THE MATTOLE RIVER starts out as a small stream in northern Mendocino County, California, and heads northwest until it runs into the Pacific Ocean 10 miles south of Cape Mendocino. The oldest surviving inhabitants of the Mattole watershed are the native salmon that spawn here.
According to Native legend, handed down by the Sinkyone Indians who lived along the Mattole until they were wiped out by white settlers in the 1860s, an agreement was made between the salmon and the Indians that allowed them to feed on the salmon as long as their home in the river was kept intact. And the salmon remained a totem to the native people.
Soon after World War II, the housing boom that "built California" brought a flood of loggers into Northern California who were looking for virgin stands of Douglas fir trees. Most of the conifer forest along the Mattole was stripped in search of the high-value hardwood.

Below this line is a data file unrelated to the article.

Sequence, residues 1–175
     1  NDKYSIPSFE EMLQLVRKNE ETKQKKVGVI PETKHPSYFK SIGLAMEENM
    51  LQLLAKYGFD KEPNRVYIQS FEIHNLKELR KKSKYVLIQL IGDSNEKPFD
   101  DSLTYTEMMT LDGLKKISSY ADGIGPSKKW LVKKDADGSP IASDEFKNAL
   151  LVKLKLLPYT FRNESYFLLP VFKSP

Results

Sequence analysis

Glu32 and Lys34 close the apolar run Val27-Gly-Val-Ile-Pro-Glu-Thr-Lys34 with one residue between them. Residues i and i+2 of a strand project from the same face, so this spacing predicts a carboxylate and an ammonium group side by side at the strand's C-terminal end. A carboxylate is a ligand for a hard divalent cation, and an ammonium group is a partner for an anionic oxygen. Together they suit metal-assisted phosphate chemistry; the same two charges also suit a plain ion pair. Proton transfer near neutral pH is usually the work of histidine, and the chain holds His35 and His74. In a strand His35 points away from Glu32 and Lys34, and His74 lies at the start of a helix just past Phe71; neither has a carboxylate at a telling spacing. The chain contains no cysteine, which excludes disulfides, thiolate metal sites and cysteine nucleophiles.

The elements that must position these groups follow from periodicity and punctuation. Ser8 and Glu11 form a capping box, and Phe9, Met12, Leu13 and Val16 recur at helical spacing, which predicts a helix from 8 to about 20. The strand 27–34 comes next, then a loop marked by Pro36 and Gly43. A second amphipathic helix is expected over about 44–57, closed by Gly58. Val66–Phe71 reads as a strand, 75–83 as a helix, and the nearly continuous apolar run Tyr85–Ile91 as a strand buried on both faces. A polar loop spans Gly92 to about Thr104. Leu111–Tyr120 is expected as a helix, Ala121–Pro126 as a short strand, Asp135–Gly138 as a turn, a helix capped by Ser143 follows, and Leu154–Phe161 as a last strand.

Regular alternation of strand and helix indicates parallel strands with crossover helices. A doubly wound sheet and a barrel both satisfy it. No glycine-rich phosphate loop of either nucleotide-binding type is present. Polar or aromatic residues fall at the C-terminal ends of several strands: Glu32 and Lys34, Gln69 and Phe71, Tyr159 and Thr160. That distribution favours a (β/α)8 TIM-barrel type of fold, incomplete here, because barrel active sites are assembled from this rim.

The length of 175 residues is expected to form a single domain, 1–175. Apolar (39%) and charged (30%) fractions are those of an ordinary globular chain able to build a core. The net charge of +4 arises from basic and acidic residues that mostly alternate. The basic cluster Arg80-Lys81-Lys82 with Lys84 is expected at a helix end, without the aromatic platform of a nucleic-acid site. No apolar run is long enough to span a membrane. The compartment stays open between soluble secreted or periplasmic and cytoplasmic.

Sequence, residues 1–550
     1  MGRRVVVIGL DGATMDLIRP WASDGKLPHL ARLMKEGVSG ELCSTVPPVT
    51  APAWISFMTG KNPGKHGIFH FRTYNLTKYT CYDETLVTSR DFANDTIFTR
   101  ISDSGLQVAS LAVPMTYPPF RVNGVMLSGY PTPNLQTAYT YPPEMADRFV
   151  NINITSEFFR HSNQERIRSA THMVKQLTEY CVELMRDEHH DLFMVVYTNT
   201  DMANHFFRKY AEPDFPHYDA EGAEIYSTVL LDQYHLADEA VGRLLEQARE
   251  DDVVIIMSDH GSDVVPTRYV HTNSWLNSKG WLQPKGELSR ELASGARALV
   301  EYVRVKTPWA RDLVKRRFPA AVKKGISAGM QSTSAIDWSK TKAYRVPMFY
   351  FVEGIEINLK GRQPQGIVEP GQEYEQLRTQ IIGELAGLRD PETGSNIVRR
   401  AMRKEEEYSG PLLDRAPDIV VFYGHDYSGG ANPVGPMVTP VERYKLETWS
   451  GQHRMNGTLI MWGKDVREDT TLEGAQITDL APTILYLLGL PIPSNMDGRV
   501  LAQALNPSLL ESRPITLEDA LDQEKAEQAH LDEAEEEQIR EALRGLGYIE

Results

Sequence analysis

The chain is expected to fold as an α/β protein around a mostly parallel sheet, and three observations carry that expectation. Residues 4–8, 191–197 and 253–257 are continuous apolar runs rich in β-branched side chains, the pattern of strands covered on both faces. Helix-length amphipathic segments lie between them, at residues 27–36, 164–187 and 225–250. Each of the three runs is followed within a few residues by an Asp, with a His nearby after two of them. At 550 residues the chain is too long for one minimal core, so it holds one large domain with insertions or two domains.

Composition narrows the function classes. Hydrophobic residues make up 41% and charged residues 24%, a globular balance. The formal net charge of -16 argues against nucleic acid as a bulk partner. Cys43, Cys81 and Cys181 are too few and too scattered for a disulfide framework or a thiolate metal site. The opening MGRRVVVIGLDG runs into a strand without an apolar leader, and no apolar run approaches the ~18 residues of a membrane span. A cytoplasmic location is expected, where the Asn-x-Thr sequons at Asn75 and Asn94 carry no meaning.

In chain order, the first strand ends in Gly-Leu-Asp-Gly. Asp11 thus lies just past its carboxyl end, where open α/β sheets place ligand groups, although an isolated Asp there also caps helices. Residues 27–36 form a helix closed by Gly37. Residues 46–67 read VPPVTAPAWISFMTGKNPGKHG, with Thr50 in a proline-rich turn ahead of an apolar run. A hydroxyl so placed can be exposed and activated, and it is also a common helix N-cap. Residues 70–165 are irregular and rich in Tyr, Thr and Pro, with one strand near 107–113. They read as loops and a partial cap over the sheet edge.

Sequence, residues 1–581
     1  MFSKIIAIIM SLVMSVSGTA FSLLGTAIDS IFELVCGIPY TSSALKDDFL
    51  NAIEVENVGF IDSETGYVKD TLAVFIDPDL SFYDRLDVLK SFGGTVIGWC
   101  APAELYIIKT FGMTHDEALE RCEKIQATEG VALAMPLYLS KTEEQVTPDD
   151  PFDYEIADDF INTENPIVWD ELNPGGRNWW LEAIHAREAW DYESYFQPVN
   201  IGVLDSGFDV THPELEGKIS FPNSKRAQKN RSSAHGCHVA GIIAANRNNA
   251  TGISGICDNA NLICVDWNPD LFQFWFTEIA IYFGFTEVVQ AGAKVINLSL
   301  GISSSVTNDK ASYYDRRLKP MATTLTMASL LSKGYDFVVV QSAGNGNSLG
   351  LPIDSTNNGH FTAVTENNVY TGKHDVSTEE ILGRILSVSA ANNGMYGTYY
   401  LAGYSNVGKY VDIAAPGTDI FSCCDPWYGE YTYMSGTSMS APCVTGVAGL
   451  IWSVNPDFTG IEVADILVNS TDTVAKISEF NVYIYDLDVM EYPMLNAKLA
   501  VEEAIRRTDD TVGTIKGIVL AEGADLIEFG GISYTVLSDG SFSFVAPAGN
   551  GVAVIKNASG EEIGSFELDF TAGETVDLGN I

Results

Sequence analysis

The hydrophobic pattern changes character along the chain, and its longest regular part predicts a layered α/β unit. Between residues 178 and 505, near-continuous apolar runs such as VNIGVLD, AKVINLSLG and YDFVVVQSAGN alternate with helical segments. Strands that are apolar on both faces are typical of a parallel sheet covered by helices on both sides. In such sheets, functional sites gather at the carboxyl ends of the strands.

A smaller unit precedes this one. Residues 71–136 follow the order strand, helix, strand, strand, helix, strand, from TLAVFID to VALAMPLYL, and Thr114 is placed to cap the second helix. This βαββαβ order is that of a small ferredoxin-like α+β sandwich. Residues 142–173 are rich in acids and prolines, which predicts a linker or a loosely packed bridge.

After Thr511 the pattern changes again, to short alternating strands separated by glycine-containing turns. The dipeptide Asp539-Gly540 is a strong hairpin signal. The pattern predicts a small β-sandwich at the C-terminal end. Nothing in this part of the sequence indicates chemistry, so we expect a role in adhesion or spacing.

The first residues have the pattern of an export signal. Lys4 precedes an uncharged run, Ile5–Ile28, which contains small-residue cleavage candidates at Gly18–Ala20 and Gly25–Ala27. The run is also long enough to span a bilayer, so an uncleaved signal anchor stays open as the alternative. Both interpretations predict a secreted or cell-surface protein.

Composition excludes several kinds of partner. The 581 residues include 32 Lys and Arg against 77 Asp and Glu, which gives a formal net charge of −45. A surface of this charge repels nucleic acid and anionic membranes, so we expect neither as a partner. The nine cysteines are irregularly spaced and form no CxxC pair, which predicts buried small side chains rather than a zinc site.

While the impact of the logging was immediately evident in the visible devastation of the forest -- local pilots would later call the area along the upper Mattole "the big scar" -- it would take years for the damage to the river and the salmon to be noticed. But the erosion from bulldozer logging and the construction of hundreds of miles of logging roads along the slopes of the Mattole brought the salmon population -- its habitat severely degraded -- to the brink of extinction.
The California Department of Fish and Game at one point essentially wrote off any chances of the river -- and the salmon -- returning; but local residents who live along the Mattole refused to accept that conclusion. In 1982, they started using a simple "hatchbox" technique developed by residents of salmon watersheds in Alaska, and the delicate process of the restoration of the Mattole salmon had begun.